Local Taste

The abbey of Santa Maria dell’Olearia and the story of olive oil production in the Amalfi Coast

Three olive oil business in Maiori, Ravello and Tramonti

By Annamaria Parlato, photo by Salvatore Guadagno

Churches created by excavating in the solid natural rock are real architectonic masterpieces, and they can be seen all over Italy, from the North ‘till the South. Once upon a time, life was shaped around religious activities and working in the fields, so churches played a significant role for the communities. Perfectly blending in the landscapes, today, these evocative structures are a sight not only for religious believers but also for any tourist.

A social and religious sacred site

In Maiori, during the Middle Ages, there were various monasterial complexes, and for this reason, the village turned into one of the most important ecclesiastical centers of the Amalfi duchy. In the Falerzio Mount, different religious orders, such as Benedictines, Basilian monks, Cistercians, and de Camaldolese order, were settled.  In 902 a.C, Elias of Enna (also known as Saint Elias the Younger) chose these places to meditate. It is an essential anecdote since it is believed that the first form of monasticism in the Amalfi Coast came from the hermitage practice. But he wasn’t the only one: Saint Alferio, the founder of the monastery of La Trinità della Cava, came to these mountains to isolate and meditate as well. As we were saying, various monasteries grew around the Amalfi Coast: they were all self-sustained as the monks worked hard producing oil and wine, an essential beverage for the Cristian cult. Their efforts turned their religious centers into advanced agricultural sites. We can name some other important abbeys: S. Marina de Stellis (VIII century), S. Nicola de Carbonaris, and Santa Maria de Ercule (979 a.C).


Santa Maria dell'Olearia interiors


A Middle Ages treasure

Santa Maria dell’Olearia is a monasterial complex founded between 973 and 987 a.C by the hermit Peter and his nephew Giovanni and is composed of three little churches differently frescoed. The Italian name Olearia refers to the fact that olive trees surround the church, and a Middle Ages oil mill can be seen on the site. The frescoes visible in the two churches, one dedicated to the Virgin Mary and the other to Saint Nicolas, had been attributed partly to the Benedictine monk Leone Amalfitano (XI century). Paintings of the “Virgin Mary with Saints” are still intact in the chapel situated at the lowest level. In contrast, one can see, a level above, images representing Jesus Christ’s life events. In the highest point of view, almost completely hidden in the rocks, there is the Church of Saint Nicholas, displaying various frescos of the Saint’s life made by artists from the XI and XII century.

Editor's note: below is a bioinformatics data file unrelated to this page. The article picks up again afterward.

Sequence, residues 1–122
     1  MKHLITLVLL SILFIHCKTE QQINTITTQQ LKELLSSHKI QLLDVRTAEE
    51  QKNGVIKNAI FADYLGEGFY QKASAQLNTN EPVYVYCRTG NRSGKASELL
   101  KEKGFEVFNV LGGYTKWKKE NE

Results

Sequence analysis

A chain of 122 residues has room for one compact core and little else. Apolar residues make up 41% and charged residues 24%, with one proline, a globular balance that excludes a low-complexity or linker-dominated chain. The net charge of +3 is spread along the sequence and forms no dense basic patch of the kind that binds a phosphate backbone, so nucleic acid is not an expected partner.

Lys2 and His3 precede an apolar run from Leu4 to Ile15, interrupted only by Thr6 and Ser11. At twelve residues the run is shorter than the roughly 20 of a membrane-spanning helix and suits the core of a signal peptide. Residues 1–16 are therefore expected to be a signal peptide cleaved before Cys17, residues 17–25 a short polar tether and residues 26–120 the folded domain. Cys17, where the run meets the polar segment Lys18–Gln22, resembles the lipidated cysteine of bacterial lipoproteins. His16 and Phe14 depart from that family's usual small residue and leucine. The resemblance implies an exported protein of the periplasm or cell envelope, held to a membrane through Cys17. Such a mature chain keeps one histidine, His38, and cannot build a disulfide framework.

Colline Salernitane, the PDO olive oil

Olive oil cultivation is an ancient form of art here in the Campania region. Historically, this plant reached our shores thanks to the Fences and the Greeks. They exported the olive trees in their lands to grow their oil production since it was an important asset not only for food purposes. Indeed, olive oil was perfect to create perfumes and ointments, and it was ideal for burning as a gift to their gods. Moreover, various frescos from the Pompeii excavations show the olive-growing sector’s importance during the Roman Empire. The Colline Salernitane PDO extra-virgin olive oil comes from local varieties grown in these lands since forever. For this reason, it encompasses the originality of this specific landscape, culture, and assets. This precious PDO olive oil production is set in 86 municipalities from the Salerno area, including the Amalfi Coast, Valle del Calore, the Piacentini mountains, Alburni l’Alto e Medio Sele, the Tanagro, and Vallo di Diano. The only varieties of olives that are allowed for the Colline Salernitane oil are Rotondella, Frantoio, Carpellese, and Nostrale, and they have to be at least the 65% of the total product; the Ogliarola and Leccino varieties can be used, but they cannot exceed the 35% of the total. At last, some other local olive types are allowed for a maximum of 20%. Even if nowadays some businesses use more innovative types of machinery for the picking and cutting phase, usually the olives are produced with traditional techniques. Only exact processes are allowed to extract this type of oil to keep the quality of the fruit intact. The Colline Salernitane olive oil got the PDO certification in 1997. The national accreditation took place with the ministerial decree 6th August 1998 published on the Gazzetta Ufficiale della Repubblica Italiana n. 193 dated 20th August 1998.


The olive trees of the Amalfi Coast
The flourishing nature of the Coast
Raffaele Palma's products, courtesy of the Azienda Agricola Biologica Raffaele Palma
Terre Operose olive oile
Oleoteca Gusti & Delizie olive oil


The Raffaele Palma company in San Vito di Maiori